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No Apologies: All 102 Nirvana Songs Ranked

RS tackles the complete catalog of the band that defined the Nineties and made the world a lot noisier

nirvana kurt cobain dave grohl krist novoselic

Paul Bergen/Redferns

We've dug deep into the catalog of the chaos-embracing sludge-pop titans who changed the world and tackled a massive task: ranking all 102 album cuts, B-sides, bonus tracks, officially released covers, bootlegger-traded originals, home demos, Peel Sessions, and 4-track experiments we could find, from Nirvana's formation in 1987 to their McCartney-assisted reunion in 2013. It's no secret that the 38 songs on Nirvana's three classic albums blurred the lines between punk's most subterranean muck and pop's highest reaches. But they also left behind a wealth of other material from the shaggy to sublime, from combustible to calm, from coulda-been hits to unfinished sketches. Here it is, from Aero to Zeppelin, and everything in between. (Listen to the full playlist on YouTube here.)

nirvana
60

“Endless, Nameless”

Attempting to conclude Nevermind with the CD equivalent of a sound skipping in a run-out groove, Kurt and company instructed engineer Howie Weinberg to follow closer “Something In the Way” with ten minutes of silence and the noisy outtake “Endless, Nameless.” An extended jam that often closed concerts, the band recorded the track after the session for “Lithium” went south, the frontman bringing said session to a close by smashing the studio’s only left-handed guitar in the middle of the take. Thanks to Nevermind, these sort of hidden tracks would remain popular until WinAmp and its descendents revealed track lengths before the listener pressed play. But Kurt’s smashed guitar would hang around even longer, immortalized in a photograph reprinted in Michael Azerrad’s Come As You Are and later in a Nirvana exhibition at Seattle’s EMP Museum. NICK MURRAY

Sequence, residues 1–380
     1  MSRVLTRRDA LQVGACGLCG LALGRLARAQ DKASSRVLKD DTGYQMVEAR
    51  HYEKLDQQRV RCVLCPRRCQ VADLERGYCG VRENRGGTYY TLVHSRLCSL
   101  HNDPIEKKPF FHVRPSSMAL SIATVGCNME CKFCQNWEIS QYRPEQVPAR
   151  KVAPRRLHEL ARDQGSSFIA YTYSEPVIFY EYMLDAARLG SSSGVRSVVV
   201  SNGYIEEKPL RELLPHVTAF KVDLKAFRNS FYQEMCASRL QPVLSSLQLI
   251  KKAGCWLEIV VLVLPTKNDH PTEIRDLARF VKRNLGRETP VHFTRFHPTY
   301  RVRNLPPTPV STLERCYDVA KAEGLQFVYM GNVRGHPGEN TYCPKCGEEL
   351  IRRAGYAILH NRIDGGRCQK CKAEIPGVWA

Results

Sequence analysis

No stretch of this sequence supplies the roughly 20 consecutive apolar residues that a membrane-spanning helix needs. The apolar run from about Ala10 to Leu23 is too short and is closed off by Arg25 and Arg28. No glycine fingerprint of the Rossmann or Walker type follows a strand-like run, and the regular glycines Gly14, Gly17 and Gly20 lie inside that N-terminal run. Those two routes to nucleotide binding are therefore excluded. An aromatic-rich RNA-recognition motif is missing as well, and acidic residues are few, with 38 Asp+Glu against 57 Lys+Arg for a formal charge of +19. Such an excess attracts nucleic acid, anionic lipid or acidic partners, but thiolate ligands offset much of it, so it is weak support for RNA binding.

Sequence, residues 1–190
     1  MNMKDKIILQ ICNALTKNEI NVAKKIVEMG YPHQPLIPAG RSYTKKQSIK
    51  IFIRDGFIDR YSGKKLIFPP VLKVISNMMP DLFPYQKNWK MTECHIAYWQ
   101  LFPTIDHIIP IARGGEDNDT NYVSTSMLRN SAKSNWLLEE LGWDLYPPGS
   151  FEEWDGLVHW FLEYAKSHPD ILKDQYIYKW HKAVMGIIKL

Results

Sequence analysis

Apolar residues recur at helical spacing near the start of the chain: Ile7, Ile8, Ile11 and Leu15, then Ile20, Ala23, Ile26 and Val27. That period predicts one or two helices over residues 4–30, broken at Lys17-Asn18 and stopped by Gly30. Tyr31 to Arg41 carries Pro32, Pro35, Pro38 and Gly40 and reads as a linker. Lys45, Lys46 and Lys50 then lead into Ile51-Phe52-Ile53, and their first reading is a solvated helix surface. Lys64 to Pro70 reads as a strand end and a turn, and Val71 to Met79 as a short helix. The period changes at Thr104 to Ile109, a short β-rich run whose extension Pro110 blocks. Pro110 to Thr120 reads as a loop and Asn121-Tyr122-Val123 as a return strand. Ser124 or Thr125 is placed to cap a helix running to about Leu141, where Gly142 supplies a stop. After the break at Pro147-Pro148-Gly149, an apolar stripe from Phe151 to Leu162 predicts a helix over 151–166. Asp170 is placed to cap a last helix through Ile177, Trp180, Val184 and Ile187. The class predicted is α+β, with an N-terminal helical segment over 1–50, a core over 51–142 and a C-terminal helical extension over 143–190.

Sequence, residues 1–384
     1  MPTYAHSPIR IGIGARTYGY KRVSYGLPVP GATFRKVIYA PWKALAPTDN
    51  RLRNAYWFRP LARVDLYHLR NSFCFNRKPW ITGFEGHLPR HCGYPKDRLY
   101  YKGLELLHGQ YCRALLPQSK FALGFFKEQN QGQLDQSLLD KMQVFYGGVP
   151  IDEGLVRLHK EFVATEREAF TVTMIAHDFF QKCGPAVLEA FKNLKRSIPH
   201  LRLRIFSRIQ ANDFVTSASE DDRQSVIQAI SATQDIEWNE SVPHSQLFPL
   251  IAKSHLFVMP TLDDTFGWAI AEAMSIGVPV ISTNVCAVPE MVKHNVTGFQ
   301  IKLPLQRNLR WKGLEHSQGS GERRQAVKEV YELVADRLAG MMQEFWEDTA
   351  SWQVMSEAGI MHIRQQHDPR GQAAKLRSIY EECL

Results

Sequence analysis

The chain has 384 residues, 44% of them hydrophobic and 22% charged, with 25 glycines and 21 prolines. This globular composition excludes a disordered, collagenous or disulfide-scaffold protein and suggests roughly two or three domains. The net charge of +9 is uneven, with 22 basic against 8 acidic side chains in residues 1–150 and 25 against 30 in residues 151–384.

Oh, Me
59

“Oh, Me”

“Oh Me” was originally cut from MTV’s broadcast of Unplugged – hard to imagine given the album’s classic status now, but ad time is ad time. Meat Puppet Curt Kirkwood – who along with his brother, Cris, wrote the song and joined Nirvana for the session – always said it was his favorite from 1984’s Meat Puppets II, and it’s easy to understand why: Nowhere else on the album does the band’s ragged psychedelia sound so sweet but so dangerous. “My whole expanse / I cannot see,” the lyric says – but it sure always sounded like “My hole expands / I cannot see.” And like all of Cobain’s most indelible songs, it seesaws between smart and dumb, leaving the listener to sort out whether to trust the singer or just let him babble his way into oblivion. MIKE POWELL

Big Cheese
58

“Big Cheese”

If Nirvana had their way, the flipside of their debut 7-inch would have been whole lot blander. Engineer Jack Endino has said the group originally recorded “Blandest,” for their Sub Pop Singles Club B-side. “The song is called ‘Blandest’ for a reason,” the engineer said, because they were disgruntled with the fact that Sub Pop big cheese Jonathan Poneman wanted them to record a cover – Shocking Blue’s “Love Buzz” – for the A-side. When they were done with the “Blandest” session, they slugged out “Big Cheese,” a heavy, hate-filled invective about Poneman (“He was being so judgmental about what we recorded,” Cobain said), and the track wowed Endino because it was “livelier.” The engineer was able to convince the band to use that as their B-side instead. KORY GROW